By accepting four Uighur detainees from the Guantanamo Bay prison last week without following the proper legal steps or even conducting a security review, Bermuda Premier Ewart Brown violated his sworn duty to uphold the rule of law and protect our citizens. That is why, for the first time in decades, the Bermuda Parliament on Friday will consider a no confidence motion to replace a premier.
This course of action became inevitable this week when our Police Commissioner and our British Governor, Sir Richard Gozney, revealed there was no security review of the Uighurs. While Dr. Brown initially claimed to our Parliament there had been a security check before they arrived, we now know our police were only given non-classified dossiers on the Uighurs' backgrounds -- and even those were not provided until a day after they had arrived on our island.
Let me be clear: If these four men were improperly rounded up in Pakistan eight years ago and wrongly held at Guantanamo Bay, then that is an injustice and they deserve a home. The U.S. mainland was a possibility for them, but your Congress put it to a vote and said no.
We suspect we know how Americans would feel if President Obama held a press conference one day, without a word to even his cabinet, and said he'd decided the Guantanamo prisoners were going to be settled in the U.S. You would be very angry and your elected representatives would make him back down in a big hurry.
We feel angry in the same way. Bermudians should have been consulted in the same way America was consulted -- through its elected representatives. To commit our island to such a controversial arrangement without any consultation is unacceptable. To do so as if you answer to no one violates a fundamental principle of all democracies.
Dr. Brown should have consulted Bermudians and the British before he made a deal with the United States, even if the burden of secrecy meant he wasn't able to do more than persuade colleagues in his own cabinet and our British Governor to support him. That would have kept him in line with our Constitution which reserves for the British Government final say in our foreign policy as well as internal and external security. That's the law.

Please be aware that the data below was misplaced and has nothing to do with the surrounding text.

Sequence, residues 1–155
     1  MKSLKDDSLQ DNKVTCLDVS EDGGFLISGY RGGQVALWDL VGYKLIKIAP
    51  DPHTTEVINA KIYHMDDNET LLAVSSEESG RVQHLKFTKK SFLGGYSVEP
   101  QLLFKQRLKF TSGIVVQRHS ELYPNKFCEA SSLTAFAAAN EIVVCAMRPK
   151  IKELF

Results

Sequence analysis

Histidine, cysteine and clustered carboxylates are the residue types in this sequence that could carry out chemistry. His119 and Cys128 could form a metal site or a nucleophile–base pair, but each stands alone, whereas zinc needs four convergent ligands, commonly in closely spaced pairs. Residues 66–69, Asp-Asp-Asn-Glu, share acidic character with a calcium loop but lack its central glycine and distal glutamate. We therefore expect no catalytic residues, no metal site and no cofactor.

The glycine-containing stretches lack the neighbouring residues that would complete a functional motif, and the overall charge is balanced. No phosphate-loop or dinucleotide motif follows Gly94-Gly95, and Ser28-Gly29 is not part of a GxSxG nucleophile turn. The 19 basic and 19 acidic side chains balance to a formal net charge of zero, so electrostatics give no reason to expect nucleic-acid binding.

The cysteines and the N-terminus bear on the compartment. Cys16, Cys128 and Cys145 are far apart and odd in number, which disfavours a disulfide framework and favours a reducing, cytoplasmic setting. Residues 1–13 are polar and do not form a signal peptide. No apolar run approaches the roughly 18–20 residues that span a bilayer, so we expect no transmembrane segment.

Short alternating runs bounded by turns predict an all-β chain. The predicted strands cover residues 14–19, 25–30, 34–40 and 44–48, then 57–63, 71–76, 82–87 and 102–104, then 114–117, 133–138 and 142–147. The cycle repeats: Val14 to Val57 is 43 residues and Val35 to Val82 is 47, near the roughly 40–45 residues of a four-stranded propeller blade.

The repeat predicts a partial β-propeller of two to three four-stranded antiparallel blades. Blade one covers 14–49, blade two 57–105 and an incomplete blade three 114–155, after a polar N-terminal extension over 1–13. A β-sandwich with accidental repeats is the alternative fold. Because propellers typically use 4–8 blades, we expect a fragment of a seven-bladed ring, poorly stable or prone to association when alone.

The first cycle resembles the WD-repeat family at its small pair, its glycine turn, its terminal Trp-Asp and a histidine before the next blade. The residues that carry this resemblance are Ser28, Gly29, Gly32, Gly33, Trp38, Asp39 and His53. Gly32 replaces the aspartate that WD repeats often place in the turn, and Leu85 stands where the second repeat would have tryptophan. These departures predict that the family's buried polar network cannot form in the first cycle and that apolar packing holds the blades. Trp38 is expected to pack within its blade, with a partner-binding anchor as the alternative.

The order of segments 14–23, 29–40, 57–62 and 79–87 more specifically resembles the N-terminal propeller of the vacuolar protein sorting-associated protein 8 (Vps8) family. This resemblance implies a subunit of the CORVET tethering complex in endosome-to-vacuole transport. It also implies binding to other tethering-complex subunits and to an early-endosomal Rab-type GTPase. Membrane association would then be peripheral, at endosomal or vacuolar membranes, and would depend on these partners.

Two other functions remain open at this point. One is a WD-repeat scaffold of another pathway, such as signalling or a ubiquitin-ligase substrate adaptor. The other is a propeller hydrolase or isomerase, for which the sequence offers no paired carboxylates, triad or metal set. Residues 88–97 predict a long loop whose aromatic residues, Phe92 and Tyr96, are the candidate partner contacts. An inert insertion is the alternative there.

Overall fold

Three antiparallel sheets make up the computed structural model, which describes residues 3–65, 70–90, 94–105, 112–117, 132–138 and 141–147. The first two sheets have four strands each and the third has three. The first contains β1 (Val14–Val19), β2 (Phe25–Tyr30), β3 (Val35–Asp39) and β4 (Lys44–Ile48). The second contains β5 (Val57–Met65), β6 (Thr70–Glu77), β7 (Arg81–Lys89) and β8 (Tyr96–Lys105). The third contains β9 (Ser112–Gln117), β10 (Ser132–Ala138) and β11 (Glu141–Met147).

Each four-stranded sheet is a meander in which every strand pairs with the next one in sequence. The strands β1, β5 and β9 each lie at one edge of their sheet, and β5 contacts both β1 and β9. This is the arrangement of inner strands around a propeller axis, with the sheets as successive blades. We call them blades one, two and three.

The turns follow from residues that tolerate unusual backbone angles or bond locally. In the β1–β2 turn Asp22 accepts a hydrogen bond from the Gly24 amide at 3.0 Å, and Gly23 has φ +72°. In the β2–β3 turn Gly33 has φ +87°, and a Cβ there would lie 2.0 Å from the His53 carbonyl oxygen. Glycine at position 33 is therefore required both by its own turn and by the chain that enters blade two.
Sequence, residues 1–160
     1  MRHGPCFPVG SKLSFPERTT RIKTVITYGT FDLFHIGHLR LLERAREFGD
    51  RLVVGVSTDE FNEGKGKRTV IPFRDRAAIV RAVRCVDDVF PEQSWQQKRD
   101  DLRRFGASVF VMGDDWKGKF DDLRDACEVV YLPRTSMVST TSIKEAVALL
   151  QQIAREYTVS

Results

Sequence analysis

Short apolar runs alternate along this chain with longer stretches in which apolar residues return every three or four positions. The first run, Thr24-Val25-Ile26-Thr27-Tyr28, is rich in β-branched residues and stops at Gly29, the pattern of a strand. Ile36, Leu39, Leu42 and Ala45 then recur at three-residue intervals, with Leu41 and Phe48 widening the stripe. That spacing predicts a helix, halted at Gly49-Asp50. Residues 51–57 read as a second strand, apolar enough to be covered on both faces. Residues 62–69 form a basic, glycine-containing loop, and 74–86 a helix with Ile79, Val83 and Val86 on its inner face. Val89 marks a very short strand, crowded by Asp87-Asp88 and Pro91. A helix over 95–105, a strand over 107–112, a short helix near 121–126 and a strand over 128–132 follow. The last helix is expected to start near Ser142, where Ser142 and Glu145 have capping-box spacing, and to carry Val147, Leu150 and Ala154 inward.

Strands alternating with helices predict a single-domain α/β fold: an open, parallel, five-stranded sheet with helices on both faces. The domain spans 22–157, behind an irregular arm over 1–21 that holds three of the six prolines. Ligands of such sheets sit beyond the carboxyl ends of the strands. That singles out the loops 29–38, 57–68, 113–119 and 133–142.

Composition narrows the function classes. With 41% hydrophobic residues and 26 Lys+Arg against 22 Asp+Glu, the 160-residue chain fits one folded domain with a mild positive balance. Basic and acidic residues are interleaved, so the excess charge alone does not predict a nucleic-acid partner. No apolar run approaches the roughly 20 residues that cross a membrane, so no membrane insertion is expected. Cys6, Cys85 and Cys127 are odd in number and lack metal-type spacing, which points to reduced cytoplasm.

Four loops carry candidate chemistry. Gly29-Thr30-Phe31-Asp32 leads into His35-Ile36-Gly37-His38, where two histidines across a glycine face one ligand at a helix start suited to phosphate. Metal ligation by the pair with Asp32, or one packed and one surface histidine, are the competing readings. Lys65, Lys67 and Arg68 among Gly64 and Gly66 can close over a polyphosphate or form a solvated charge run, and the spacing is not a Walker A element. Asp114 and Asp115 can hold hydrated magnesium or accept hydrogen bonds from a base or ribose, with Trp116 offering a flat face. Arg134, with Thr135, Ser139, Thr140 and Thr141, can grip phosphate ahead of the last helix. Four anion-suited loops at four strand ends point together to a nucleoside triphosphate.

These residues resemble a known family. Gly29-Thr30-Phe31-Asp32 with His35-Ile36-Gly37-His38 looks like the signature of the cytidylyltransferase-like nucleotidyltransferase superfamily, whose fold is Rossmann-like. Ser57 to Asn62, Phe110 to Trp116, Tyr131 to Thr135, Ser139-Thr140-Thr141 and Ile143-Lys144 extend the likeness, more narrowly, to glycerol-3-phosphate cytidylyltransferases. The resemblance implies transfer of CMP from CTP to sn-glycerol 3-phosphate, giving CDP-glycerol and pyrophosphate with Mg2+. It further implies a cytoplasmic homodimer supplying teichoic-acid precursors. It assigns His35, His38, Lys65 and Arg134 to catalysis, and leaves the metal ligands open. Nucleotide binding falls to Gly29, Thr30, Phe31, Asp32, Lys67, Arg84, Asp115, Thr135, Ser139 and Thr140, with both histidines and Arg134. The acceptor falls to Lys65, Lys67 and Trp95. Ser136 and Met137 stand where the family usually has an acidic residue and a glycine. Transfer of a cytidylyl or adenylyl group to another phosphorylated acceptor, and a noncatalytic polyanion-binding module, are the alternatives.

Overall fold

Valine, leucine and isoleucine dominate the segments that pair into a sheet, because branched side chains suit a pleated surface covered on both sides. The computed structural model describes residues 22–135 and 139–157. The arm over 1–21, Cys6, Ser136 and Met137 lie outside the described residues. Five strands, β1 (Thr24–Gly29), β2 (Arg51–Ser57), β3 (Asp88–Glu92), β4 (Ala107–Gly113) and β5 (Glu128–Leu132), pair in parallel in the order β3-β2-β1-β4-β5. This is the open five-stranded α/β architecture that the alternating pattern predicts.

Dr. Brown's disregard for the constitution and laws he is sworn to uphold may reflect his desire for Bermuda to be independent of Britain, even though more than two thirds of Bermudians prefer to retain our current constitutional arrangement with Britain.
The Uighar controversy has been made more troubling for Bermudians because Dr. Brown has not been straight with them. He says the White House approached him about giving them a home, while his Immigration minister says Bermuda's offer was unsolicited. Dr. Brown says there was no quid pro quo with the U.S. Government, while the same minister claims the Uighurs were accepted to curry favour with the Obama Administration.
And then there is the critical matter of the security review that Dr. Brown last week claimed had already taken place when he told Bermudians that our police concluded the Uighurs represented "absolutely no security risk". In fact, the police categorized them as "high" risk.
As opposition leader, I have seen how vigorous debate using all available information can foster the best government decisions. Dr. Brown betrayed that practice by not discussing with his elected cabinet ministers or the British government his side-deal with the Obama Administration to accept the Uighur nationals who needed a home.
Bermuda is a democracy much like yours, though ours has an English flavor. We believe our leaders, like yours, should follow the rule of law rather deciding on their own what the law should be. It is that kind of reckless behavior we will try to stop this Friday with a no-confidence vote.